Sturgeon County and St. Albert have come close to striking a deal that could pave the way for several major developments along their shared border.
A joint council committee has agreed to amend the intermunicipal development plan (IDP) that outlines future growth and annexations in a fringe area surrounding St. Albert. The changes must still be ratified by both councils before they’re official.
The deal would allow two controversial developments to go ahead unimpeded by objections from the other community.
The proposal, which is subject to a public hearing prior to council reviews, would exempt from the IDP all 1,337 hectares St. Albert annexed from Sturgeon County in 2007 and would also clear the way for the proposed Quail Ridge development in Sturgeon Valley.
The communities agreed to the types of land uses that would be developed in the IDP boundary when the agreement was signed in 2001. Both sides also agreed they would only change land uses with the support of the other community.
Sturgeon County has previously raised concerns about the city’s plan to designate industrial lands in the annexation area, land that is currently labelled ‘future study area.’ The city opposed the plan for Quail Ridge, a multi-lot acreage development, beside River Lot 56 along Sturgeon Road.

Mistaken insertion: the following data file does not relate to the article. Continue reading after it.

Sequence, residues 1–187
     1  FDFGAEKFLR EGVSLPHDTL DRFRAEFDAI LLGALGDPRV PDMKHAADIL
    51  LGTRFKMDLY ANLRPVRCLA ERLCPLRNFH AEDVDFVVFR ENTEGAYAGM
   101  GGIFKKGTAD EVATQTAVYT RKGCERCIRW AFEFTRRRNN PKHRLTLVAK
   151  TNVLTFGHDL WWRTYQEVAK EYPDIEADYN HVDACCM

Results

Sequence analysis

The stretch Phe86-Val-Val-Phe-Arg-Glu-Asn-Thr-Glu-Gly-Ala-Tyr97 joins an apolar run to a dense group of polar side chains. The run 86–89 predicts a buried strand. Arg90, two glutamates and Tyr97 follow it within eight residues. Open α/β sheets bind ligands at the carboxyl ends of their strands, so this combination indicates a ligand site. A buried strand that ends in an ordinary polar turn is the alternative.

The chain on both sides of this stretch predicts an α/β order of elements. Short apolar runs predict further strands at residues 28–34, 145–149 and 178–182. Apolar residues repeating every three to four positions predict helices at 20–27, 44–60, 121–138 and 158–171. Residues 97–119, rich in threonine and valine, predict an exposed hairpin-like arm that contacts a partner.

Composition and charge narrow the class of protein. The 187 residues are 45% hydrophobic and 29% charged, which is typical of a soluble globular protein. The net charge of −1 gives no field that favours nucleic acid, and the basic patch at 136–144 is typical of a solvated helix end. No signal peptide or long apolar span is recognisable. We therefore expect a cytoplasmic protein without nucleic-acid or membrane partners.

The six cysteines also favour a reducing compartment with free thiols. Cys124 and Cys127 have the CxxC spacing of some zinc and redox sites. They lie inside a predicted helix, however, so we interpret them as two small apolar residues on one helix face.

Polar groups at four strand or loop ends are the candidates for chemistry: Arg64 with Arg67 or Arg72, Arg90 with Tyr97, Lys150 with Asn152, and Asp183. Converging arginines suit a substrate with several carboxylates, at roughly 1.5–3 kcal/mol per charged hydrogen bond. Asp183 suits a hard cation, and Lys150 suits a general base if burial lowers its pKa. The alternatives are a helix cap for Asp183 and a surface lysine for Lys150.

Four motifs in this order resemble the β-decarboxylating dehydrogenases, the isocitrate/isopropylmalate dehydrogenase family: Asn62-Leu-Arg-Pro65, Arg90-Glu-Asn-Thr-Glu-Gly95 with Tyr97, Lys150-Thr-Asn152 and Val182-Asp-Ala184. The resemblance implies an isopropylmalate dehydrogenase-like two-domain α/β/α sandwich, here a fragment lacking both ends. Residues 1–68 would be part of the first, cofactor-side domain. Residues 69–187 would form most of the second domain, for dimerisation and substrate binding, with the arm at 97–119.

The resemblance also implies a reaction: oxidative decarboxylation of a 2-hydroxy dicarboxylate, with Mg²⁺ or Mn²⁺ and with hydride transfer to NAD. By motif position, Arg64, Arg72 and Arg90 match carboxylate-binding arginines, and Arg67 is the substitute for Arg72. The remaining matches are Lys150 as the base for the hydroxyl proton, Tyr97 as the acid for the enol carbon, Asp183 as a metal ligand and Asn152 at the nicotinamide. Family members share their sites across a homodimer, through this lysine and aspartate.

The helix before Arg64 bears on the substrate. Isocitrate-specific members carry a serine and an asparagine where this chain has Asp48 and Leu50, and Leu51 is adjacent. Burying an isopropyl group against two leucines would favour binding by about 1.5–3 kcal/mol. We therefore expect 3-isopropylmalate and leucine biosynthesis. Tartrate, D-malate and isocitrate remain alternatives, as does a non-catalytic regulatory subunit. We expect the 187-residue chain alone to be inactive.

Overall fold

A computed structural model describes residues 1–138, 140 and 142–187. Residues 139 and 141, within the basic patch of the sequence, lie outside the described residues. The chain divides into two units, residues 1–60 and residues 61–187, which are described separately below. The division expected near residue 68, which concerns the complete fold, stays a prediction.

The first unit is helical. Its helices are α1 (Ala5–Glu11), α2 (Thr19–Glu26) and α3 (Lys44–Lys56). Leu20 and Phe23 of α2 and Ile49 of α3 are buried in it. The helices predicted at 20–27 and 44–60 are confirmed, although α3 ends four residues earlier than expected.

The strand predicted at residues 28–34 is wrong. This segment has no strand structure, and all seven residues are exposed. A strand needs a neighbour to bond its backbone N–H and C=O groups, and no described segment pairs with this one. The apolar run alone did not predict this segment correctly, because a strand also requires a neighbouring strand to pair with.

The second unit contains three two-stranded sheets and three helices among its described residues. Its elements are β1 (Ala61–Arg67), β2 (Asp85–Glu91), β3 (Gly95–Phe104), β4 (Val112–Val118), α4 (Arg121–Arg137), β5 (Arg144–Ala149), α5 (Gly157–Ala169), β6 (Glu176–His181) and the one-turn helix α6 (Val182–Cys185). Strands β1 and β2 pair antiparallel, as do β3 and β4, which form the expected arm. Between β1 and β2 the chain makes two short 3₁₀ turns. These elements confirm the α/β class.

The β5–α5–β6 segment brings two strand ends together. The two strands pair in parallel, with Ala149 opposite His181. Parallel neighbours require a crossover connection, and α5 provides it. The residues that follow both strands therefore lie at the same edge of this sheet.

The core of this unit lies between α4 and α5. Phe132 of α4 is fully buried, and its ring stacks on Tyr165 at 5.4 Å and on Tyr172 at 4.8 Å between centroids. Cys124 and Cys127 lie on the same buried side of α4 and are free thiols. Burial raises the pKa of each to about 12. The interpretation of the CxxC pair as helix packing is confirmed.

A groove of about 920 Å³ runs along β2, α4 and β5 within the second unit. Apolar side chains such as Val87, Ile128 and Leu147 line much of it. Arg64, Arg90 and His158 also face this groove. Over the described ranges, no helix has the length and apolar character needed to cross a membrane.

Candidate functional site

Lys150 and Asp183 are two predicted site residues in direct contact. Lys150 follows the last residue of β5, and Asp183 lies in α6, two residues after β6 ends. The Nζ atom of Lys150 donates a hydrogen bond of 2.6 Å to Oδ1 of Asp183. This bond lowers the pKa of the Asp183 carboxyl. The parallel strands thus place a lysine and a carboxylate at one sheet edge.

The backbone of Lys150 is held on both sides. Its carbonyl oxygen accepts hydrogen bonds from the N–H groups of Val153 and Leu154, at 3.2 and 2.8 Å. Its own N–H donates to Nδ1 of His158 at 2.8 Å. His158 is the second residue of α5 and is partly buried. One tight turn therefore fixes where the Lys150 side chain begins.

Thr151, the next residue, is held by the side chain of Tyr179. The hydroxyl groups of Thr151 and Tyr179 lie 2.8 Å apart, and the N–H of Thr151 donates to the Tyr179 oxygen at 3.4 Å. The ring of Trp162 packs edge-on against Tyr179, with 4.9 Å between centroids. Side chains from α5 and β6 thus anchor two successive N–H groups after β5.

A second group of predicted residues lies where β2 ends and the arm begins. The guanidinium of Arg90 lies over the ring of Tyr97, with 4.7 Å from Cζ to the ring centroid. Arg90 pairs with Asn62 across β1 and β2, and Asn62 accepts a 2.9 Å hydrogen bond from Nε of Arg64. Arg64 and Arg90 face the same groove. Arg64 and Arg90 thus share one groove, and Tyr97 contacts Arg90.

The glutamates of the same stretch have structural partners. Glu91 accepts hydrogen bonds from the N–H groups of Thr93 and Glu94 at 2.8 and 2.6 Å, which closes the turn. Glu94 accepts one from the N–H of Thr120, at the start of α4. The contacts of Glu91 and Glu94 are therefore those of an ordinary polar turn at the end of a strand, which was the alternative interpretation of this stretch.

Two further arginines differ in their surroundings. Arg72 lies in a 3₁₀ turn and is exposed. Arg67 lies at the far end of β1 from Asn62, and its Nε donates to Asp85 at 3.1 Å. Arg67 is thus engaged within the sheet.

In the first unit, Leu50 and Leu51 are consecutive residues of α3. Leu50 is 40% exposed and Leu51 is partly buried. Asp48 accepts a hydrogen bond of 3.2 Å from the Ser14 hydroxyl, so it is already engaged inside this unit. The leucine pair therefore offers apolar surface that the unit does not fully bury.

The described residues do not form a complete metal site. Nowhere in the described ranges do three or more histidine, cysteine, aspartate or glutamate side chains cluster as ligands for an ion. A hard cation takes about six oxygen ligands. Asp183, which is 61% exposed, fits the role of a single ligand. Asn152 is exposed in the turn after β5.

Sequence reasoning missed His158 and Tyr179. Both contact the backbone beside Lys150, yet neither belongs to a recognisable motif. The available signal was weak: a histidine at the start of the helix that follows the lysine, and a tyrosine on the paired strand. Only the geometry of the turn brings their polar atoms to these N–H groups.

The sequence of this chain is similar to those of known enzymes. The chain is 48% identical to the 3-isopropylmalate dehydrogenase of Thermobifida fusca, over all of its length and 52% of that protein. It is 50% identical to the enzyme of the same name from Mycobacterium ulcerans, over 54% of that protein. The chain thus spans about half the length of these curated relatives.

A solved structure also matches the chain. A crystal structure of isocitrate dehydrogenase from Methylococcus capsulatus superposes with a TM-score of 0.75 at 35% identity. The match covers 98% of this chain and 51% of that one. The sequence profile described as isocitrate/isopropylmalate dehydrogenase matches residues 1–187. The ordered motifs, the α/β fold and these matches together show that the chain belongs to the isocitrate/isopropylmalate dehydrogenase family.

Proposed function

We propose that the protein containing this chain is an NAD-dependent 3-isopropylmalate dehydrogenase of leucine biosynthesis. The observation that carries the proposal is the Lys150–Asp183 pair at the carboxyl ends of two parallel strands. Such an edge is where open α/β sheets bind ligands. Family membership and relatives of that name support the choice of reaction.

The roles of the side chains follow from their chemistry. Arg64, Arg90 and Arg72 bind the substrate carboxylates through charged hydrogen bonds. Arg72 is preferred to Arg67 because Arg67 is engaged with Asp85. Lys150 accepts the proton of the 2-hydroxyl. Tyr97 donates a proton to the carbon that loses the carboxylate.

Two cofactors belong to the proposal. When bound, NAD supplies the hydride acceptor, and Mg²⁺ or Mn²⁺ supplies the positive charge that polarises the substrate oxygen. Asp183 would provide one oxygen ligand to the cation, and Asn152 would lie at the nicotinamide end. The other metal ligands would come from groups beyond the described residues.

St. Albert Mayor Nolan Crouse said the compromise works for both communities.
“Both municipalities have needs and we have to find ways to compromise so both municipalities have their needs met.”
Sturgeon Mayor Don Rigney declined to comment on the proposed changes because they have not yet been reviewed by the full Sturgeon County council.
The deal also exempts from the IDP the Northern Lights development in Sturgeon County near the former St. Albert airport.
That development was subject to years of negotiations between St. Albert, Sturgeon County and Morinville over a host of intermunicipal issues, including access to water.
Crouse explained the changes limit the reach of the IDP so both communities can move forward, but there are no plans to scrap the nine-year-old bylaw.
“We have given no direction to anybody to deal with anything other than these issues.”
If both councils accept the proposed changes they will go to public hearing later this year.